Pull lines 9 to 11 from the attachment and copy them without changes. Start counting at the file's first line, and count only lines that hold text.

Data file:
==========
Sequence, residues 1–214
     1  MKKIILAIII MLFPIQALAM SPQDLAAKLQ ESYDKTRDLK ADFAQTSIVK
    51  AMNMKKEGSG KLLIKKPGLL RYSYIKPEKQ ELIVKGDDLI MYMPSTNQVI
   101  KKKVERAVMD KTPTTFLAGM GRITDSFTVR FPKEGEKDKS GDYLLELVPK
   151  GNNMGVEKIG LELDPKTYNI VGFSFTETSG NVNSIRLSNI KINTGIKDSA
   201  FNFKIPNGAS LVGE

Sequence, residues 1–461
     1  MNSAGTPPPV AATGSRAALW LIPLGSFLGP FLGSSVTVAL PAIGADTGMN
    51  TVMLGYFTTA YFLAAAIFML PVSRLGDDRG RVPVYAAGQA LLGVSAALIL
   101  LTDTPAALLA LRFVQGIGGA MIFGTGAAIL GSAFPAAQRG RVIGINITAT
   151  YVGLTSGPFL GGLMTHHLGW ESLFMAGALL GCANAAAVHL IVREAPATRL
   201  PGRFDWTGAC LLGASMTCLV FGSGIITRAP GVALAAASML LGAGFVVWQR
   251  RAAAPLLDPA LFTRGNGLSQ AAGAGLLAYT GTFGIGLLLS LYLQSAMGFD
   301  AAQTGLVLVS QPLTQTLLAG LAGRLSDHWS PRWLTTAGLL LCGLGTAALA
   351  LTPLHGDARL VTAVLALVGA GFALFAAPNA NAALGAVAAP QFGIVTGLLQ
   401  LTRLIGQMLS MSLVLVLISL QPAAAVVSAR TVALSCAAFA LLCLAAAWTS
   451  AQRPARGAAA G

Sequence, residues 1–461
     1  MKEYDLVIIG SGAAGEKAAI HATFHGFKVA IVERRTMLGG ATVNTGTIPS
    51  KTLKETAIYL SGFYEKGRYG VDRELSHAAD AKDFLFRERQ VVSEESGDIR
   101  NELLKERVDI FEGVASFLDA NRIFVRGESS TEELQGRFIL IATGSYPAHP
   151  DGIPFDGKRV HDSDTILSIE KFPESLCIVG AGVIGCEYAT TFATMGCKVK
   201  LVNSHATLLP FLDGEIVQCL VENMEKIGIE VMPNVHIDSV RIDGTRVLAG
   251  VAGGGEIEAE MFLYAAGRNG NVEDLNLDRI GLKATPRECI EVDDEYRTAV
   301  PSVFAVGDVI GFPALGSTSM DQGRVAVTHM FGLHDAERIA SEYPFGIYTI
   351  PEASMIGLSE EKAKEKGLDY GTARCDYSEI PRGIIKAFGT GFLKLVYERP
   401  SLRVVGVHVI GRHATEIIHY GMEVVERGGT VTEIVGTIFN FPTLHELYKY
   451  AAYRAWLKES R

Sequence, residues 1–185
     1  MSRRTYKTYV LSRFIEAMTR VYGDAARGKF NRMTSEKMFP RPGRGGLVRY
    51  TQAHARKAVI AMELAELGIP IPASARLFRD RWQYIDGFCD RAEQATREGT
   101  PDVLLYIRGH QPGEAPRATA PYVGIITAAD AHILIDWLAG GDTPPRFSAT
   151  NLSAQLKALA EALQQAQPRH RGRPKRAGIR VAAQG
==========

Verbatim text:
    51  TVMLGYFTTA YFLAAAIFML PVSRLGDDRG RVPVYAAGQA LLGVSAALIL
   101  LTDTPAALLA LRFVQGIGGA MIFGTGAAIL GSAFPAAQRG RVIGINITAT
   151  YVGLTSGPFL GGLMTHHLGW ESLFMAGALL GCANAAAVHL IVREAPATRL